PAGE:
The government promised to help — and it did.
By Paul Krugman [December 28, 2020]
Maybe it was the visuals that did it. It’s hard to know what aspects of reality make it into Donald Trump’s ever-shrinking bubble — and I’m happy to say that after Jan. 20 we won’t have to care about what goes on in his not-at-all beautiful mind — but it’s possible that he became aware of how he looked, playing golf as millions of desperate families lost their unemployment benefits.
Whatever the reason, on Sunday he finally signed an economic relief bill that will, among other things, extend those benefits for a few months. And it wasn’t just the unemployed who breathed a sigh of relief. Stock market futures — which are not a measure of economic success, but still — rose. Goldman Sachs marked up its forecast of economic growth in 2021.
So this year is closing out with a second demonstration of the lesson we should have learned in the spring: In times of crisis, government aid to people in distress is a good thing, not just for those getting help, but for the nation as a whole. Or to put it a bit differently, 2020 was the year Reaganism died.
What I mean by Reaganism goes beyond voodoo economics, the claim that tax cuts have magical power and can solve all problems. After all, nobody believes in that claim aside from a handful of charlatans and cranks, plus the entire Republican Party.
No, I mean something broader — the belief that aid to those in need always backfires, that the only way to improve ordinary people’s lives is to make the rich richer and wait for the benefits to trickle down. This belief was encapsulated in Ronald Reagan’s famous dictum that the most terrifying words in English are “I’m from the government, and I’m here to help.”
Well, in 2020 the government was there to help — and help it did.
True, there were some people who advocated trickle-down policies even in the face of a pandemic. Trump repeatedly pushed for payroll tax cuts, which by definition would do nothing to directly help the jobless, even attempting (unsuccessfully) to slash tax collections through executive action.
Oh, and the new recovery package does include a multi-billion-dollar tax break for business meals, as if three-martini lunches were the answer to a pandemic depression.
Reagan-style hostility to helping people in need also persisted. There were some politicians and economists who kept insisting, in the teeth of the evidence, that aid to unemployed workers was actually causing unemployment, by making workers unwilling to accept job offers.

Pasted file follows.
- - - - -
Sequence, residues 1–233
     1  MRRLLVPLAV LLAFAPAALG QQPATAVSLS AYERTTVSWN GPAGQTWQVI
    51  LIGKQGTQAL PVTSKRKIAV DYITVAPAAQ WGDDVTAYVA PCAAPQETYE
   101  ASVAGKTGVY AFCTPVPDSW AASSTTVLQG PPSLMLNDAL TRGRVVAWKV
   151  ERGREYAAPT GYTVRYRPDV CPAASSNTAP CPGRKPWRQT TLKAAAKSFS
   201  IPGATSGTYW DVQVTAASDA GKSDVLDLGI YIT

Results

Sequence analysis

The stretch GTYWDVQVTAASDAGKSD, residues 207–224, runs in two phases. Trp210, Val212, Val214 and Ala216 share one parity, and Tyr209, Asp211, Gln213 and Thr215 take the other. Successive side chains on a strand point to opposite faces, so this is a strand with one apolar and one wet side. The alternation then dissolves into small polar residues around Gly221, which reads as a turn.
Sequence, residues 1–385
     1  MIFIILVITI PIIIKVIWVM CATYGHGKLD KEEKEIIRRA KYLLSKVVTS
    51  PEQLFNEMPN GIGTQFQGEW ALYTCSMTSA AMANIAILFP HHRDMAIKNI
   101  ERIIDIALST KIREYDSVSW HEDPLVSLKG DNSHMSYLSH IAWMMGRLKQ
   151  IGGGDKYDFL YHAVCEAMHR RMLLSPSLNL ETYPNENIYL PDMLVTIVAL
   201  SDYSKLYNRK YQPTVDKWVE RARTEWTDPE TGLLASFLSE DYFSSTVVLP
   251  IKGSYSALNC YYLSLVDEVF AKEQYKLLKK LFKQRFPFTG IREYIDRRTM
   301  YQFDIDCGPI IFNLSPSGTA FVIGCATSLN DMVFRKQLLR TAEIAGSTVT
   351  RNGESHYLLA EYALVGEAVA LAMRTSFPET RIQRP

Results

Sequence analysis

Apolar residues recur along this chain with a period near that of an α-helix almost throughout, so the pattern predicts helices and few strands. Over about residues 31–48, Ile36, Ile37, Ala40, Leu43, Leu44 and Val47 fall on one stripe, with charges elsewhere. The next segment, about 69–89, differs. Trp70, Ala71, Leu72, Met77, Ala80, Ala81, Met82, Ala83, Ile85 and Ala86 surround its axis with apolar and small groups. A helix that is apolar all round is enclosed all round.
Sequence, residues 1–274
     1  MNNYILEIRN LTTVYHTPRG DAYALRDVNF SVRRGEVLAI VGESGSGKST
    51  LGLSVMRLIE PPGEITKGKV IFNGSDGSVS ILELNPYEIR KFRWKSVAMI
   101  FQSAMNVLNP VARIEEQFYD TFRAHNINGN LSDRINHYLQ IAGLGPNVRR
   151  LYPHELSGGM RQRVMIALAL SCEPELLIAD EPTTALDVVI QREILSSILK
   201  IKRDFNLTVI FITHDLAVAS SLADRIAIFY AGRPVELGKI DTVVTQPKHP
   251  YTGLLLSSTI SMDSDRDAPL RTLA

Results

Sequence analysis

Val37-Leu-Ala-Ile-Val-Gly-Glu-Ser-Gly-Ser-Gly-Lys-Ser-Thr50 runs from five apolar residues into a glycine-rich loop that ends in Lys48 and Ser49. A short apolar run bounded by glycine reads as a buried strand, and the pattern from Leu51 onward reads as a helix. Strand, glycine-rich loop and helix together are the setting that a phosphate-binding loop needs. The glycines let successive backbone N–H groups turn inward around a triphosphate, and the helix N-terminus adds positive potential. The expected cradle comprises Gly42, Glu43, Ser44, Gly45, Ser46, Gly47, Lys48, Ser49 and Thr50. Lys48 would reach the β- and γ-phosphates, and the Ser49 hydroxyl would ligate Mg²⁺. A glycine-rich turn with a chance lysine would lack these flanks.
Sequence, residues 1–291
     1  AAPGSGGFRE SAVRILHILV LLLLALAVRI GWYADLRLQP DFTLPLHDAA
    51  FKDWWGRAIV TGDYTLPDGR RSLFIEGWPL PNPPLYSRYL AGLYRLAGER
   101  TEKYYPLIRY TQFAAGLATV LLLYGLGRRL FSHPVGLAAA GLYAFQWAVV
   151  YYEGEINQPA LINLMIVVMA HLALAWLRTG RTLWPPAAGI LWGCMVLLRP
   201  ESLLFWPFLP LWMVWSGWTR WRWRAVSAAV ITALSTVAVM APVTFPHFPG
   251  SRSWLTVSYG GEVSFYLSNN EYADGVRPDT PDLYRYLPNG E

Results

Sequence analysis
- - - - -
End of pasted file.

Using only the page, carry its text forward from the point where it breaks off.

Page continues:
Over all, however — and somewhat shockingly — U.S. economic policy actually responded fairly well to the real needs of a nation forced into lockdown by a deadly virus. Aid to the unemployed and business loans that were forgiven if they were used to maintain payrolls limited the suffering. Direct checks sent to most adults weren’t the best targeted policy ever, but they boosted personal incomes.
All this big-government intervention worked. Despite a lockdown that temporarily eliminated 22 million jobs, poverty actually fell while the assistance lasted.
And there was no visible downside. As I’ve already suggested, there was no indication that helping the unemployed deterred workers from taking jobs when they became available. Most notably, the employment surge from April to July, in which nine million Americans went back to work, took place while enhanced benefits were still in effect.
Nor did huge government borrowing have the dire consequences deficit scolds always predict. Interest rates stayed low, while inflation remained quiescent.
So the government was there to help, and it really did. The only problem was that it cut off help too soon. Extraordinary aid should have continued as long as the coronavirus was still rampant — a fact implicitly acknowledged by bipartisan willingness to enact a second rescue package, and Trump’s grudging eventual willingness to sign that legislation.
Indeed, some of the aid we provided in 2020 should continue even after we have widespread vaccination. What we should have learned last spring is that adequately funded government programs can greatly reduce poverty. Why forget that lesson as soon as the pandemic is over?
Now, when I say that Reaganism died in 2020 I don’t mean that the usual suspects will stop making the usual arguments. Voodoo economics is too deeply embedded in the modern G.O.P. — and too useful to billionaire donors seeking tax cuts — to be banished by inconvenient facts.
Opposition to helping the unemployed and the poor was never evidence-based; it was always rooted in a mix of elitism and racial hostility. So we’ll still keep hearing about the miraculous power of tax cuts and the evils of the welfare state.
But while Reaganism will still be out there, it will now, even more than before, be zombie Reaganism — a doctrine that should have been killed by its encounter with reality, even if it’s still shambling along, eating politicians’ brains.
For the lesson of 2020 is that in a crisis, and to some extent even in calmer times, the government can do a lot to improve people’s lives. And what we should fear most is a government that refuses to do its job.
Paul Krugman has been an Opinion columnist since 2000 and is also a Distinguished Professor at the City University of New York Graduate Center. He won the 2008 Nobel Memorial Prize in Economic Sciences for his work on international trade and economic geography.